As for Kenna... There was no time to be steeped in sadness. It didn't help anyone, anyway. It certainly didn't help her. After she lost Jamie, she had been steeped in sadness, completely incapable of finding comfort, because finding comfort would mean admitting just what she had done. She had buried herself in work and in the great task of caring for her brother's friends, and she found this much more productive than steeping in sadness. So when it knocked on her door, she let it in before quickly banishing it to its place in the guest bedroom, refusing to let it extend its stay.

His eyes met hers, and they were sharp, cool, prepared for disappointment. The kind of eyes that had been disappointed time and time again and would long refuse to hope for anything different. So she kept her own face soft and patient, waiting for the order which should come quickly. Alcohol was a close companion to misery.

But it didn't. Something struggled within him, and she couldn't help but tilt her head. All around her, the activity of the bar continued. Jack was taunting Frank for something or other, and Gabby had already finished his drink. A waitress was laughing way too loud about a joke in the hopes of a tip, and her other bartender was prepping a line of shots for a few friends who had come in. Kenna was sorely needed elsewhere.

But she remained rooted to the spot, because her job was really a job of healing, and it didn't come quickly. It was with sincerity, a displeased certainty, that Keiran Hayes, a man whose stature in society absolutely demanded decisiveness, confessed how at a loss he was. He could not even pick his poison.

And then he asked the question that was so greatly contended amongst her tradesmen. Some bartenders loved the freedom to make a drink based only on what they knew of their patron from their attitude and presentation; others absolutely loathed the task. Kenna was of the former. It allowed a personalization to her care and handling that she preferred, and she typically had a list of go-tos, but she found herself abandoning all of them. An instinct poured into her and she batted it away, reminding herself of the clear signs of someone who wanted (maybe needed) alcohol. But her brain dug its heels in and left her no choice.

"Okay stay with me," she said, her face betraying slight amusement at her own ability to prevent this. "But how do you like milkshakes?"
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Re: I don't need a smile, or a mannequin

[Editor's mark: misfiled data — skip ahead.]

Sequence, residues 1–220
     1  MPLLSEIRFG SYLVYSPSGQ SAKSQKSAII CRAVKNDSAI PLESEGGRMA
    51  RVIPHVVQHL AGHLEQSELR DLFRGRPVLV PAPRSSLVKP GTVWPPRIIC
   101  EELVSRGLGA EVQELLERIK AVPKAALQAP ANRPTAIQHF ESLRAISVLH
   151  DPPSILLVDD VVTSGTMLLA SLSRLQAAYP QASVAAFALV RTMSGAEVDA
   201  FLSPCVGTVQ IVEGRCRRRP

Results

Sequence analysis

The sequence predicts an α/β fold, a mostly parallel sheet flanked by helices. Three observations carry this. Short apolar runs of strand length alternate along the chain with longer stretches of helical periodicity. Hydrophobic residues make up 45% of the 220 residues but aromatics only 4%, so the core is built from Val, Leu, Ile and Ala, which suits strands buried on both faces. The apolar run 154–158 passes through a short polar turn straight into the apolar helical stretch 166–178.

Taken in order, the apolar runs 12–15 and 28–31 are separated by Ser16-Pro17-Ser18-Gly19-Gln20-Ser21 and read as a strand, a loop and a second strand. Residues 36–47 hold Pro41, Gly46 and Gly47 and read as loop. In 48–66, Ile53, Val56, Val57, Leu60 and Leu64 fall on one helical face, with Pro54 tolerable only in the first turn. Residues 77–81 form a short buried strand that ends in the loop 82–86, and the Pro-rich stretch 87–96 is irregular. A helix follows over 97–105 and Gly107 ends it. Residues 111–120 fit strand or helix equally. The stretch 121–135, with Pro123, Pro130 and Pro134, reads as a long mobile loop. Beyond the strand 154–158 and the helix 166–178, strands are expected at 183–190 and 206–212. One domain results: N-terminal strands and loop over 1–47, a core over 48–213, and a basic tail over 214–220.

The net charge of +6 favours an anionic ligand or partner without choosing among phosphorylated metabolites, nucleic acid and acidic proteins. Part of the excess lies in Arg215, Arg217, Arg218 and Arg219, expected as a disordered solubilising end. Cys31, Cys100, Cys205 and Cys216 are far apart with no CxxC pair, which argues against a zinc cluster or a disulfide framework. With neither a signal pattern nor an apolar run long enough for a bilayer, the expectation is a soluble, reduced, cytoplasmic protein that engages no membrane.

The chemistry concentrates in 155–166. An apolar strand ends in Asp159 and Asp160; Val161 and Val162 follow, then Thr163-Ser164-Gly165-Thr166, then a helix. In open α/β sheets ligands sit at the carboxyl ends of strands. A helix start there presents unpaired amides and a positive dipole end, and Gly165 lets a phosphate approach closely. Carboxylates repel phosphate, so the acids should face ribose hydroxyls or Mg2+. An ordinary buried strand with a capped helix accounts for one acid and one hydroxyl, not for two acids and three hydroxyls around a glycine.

Post by Keiran Hayes on Fri Oct 07, 2016 4:41 am

For a moment, he thought she might pass him off to someone else, which was fair enough, he realized. He wasn't being particularly useful or decisive, as his friends had probably anticipated him being. But they didn't seem to be paying much attention, so he wasn't at all sure that was relevant. Kip should've let him go home, really.

Her start worried him slightly, but as soon as the question dropped, his face became one of genuine disbelief. Not disdain or confusion, but just shock. Blinking and lips-parting included.

After a moment, he recovered. And recovering for Keiran Hayes meant looking as put together as he could manage despite it being painfully obvious to the others that he was uncomfortable and off-kilter.

"Is this because you want whatever doesn't fit in the glass for yourself? Because if so, that's actually quite clever. But I'm pretty sure I haven't had a shake since I was... well, I'm not sure. I can't imagine you really think that that lot," he gestured towards them with his chin, "would find that fitting."

He turned his shoulders to face the bar properly, one hand resting on the stool beside him as he looked at her curiously. He had a theory that giving his children milkshakes would absolutely help, and he filed that away for later. But he was not at all convinced that such things would work for a man due to turn thirty in nearly less than a year.

Oddly, the thing that struck him even more than the suggestion? This girl was actually being quite casual although Keiran knew full well that she had read him correctly. Perhaps he had met some rubbish bartenders, but perhaps it was also nice to actually talk to people who were over two years old, or who were uninvolved in meticulous planning and secret missions. Maybe that was why his reaction was less sarcastic than he expected.

"If alcohol is meant to dull and make things easier, I'm interested in what you think the benefits of a milkshake would be. This place seems quite popular so I take it you know what you're doing. I'll actually be surprised if you tell me you haven't combined the two by now."

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Re: I don't need a smile, or a mannequin

Post by Kenna McBain on Wed Oct 12, 2016 10:17 pm

Part of her wouldn't have blamed him for calling her mental and demanding, once again, something alcoholic. Besides the obvious, that he had come to her rowdy pub rather than a family-friendly cafe, he had made it exceedingly clear that his mood was that of a man in desperate need for escape. Any number of rough answers would usually have greeted her for such a question, but she also wasn't likely to offer such a suggestion to someone who would have such a reaction. Part of that bartender life was being able to see the difference between what people wanted and what people needed, and then splitting the difference, typically in favor of the former. This was not one of those occasions.

His surprise, though it wasn't violent it was certainly obvious, smoothed over and she grinned at his accusation. Her forehead fell comfortably in the space between her thumb and forefinger, body swaying a bit as her elbows kept her anchored to the bar, grinning back the laugh that wanted to bubble up. "Nooo," she said, her voice not only an assurance that it had not been her plan, but a quiet concession that she might pose such a drink for that very reason.

His question was the obvious one. Why a milkshake, when alcohol was at hand. She lifted her head and straightened up a bit, her eyes bright with the ingenuity of her idea, with the eager spirit to be understood. "Well, alcohol, as great as it is, doesn't make things easier. It makes the contrast between good and bad seem less stark. Which sounds like a good thing, and sometimes it is..." She folded her hands together, still rocking forward on the bar as she tilted her head. "But a milkshake... it doesn't take you to a place of numbness or indifference. It takes you back to when you were a kid, when even a milkshake could draw you into the present and make things sweet for the time." Her hands loosened and she shrugged. "Plus, try to drink a milkshake with a frown. Impossible."